Joaquin Carrillo Murrieta
(sometimes spelled Murieta
) (ca. 1829–July 25, 1853?), also called the Mexican or Chilean Robin Hood
or the Robin Hood of El Dorado
, was a semi-legendary figure in California
during the California Gold Rush
of the 1850s. He was either an infamous bandit or a Mexican patriot, depending on one's point of view.
Life and career
Bitter dispute surrounds the figure of Joaquin Murrieta, who he was, what he did, and many of his life's events. This is well summarized by the words of historian Susan Lee Johnson
<blockquote>"So many tales have grown up around Murrieta that it is hard to disentangle the fabulous from the factual. There seems to be a consensus that Anglos drove him from a rich mining claim, and that, in rapid succession, his wife was raped, his half-brother lynched, and Murrieta himself horse-whipped. He may have worked as a monte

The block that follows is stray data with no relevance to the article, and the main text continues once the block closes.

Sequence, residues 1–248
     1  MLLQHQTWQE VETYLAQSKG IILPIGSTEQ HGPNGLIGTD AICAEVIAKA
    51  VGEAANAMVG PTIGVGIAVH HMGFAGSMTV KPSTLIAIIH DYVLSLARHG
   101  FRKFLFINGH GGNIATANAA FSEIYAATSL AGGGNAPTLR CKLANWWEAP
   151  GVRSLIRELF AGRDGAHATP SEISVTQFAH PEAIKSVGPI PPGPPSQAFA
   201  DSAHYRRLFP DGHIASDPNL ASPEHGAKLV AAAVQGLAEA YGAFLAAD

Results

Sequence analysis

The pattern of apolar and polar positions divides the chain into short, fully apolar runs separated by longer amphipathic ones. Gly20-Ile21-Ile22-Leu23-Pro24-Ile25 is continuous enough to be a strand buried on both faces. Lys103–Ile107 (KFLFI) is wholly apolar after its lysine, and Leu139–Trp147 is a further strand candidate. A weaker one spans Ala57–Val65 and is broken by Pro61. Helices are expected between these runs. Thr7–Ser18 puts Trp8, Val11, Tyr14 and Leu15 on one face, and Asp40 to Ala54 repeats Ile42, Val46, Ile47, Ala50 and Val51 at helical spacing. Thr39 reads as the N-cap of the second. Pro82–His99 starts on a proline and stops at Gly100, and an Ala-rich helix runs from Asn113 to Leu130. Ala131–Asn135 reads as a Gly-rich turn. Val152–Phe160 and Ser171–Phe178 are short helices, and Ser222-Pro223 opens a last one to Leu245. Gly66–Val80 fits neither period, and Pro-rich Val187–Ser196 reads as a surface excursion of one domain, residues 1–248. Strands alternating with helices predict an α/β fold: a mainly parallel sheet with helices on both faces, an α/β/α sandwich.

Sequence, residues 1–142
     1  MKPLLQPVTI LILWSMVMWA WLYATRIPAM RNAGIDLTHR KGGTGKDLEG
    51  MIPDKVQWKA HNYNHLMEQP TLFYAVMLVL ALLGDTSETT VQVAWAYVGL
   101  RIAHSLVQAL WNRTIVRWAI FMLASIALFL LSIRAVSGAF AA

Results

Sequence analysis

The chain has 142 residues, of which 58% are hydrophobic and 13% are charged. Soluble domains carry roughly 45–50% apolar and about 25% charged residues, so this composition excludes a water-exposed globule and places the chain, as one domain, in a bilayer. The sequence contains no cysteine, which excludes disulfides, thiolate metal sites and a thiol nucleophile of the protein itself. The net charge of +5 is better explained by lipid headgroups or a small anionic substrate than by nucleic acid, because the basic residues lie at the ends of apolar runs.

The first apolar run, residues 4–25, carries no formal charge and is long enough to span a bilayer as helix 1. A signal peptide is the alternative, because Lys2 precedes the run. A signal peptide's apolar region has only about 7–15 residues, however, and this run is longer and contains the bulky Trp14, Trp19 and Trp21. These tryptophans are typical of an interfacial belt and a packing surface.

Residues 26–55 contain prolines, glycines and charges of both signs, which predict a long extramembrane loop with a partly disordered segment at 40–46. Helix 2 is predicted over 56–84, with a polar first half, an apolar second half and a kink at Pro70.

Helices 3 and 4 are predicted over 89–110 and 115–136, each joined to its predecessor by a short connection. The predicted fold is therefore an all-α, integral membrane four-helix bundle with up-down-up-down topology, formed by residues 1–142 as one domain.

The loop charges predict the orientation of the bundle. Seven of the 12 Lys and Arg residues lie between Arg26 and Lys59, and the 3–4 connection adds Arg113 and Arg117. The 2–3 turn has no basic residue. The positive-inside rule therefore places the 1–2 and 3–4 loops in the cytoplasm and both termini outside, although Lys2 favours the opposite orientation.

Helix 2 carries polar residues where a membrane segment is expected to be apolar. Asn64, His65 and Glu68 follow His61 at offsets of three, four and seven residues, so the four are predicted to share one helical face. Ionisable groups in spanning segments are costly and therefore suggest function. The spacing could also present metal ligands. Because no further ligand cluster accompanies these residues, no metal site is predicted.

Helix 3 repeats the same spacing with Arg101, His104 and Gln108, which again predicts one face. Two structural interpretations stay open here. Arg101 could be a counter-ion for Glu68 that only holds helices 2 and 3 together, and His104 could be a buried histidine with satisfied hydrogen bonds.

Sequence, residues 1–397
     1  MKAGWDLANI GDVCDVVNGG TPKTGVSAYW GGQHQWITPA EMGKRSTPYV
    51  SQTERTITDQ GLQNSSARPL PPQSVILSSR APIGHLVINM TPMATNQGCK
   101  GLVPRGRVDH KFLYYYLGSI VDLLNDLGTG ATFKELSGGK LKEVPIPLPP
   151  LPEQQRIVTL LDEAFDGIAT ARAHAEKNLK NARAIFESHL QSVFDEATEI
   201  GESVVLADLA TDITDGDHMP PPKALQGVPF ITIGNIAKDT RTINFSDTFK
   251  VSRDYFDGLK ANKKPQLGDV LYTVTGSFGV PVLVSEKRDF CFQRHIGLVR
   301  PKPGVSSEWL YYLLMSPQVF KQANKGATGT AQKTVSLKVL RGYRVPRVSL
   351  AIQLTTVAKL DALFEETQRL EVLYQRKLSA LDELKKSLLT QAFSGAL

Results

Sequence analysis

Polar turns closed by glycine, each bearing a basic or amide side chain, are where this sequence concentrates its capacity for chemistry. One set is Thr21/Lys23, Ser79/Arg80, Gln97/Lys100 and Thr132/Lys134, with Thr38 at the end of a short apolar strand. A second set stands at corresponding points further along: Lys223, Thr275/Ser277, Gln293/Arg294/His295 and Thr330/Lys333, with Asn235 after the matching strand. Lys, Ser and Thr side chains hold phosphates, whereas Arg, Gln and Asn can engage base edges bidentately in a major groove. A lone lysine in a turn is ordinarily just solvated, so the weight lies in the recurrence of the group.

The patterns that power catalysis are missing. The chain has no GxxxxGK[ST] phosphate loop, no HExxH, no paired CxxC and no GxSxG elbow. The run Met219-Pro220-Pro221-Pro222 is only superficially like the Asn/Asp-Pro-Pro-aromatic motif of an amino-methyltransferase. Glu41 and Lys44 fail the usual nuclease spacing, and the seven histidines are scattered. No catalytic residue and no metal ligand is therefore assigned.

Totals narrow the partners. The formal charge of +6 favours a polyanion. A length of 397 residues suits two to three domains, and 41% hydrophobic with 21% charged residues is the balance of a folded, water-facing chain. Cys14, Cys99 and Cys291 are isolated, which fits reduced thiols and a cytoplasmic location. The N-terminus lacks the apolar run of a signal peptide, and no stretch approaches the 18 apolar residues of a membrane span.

dealer for a time; then, according to whichever version one accepts, he became either a horse trader and occasional horse thief, or a bandit."
The place of Murrieta's birth is disputed. He was either born in Álamos
*Roaring Camp: The Social World of the California Gold Rush
(Review). American Scholar January 1, 2000. Pg. 142 Vol. 69 No. 1 ISSN: 0003-0937. in the northwestern state of Sonora
, or in Quillota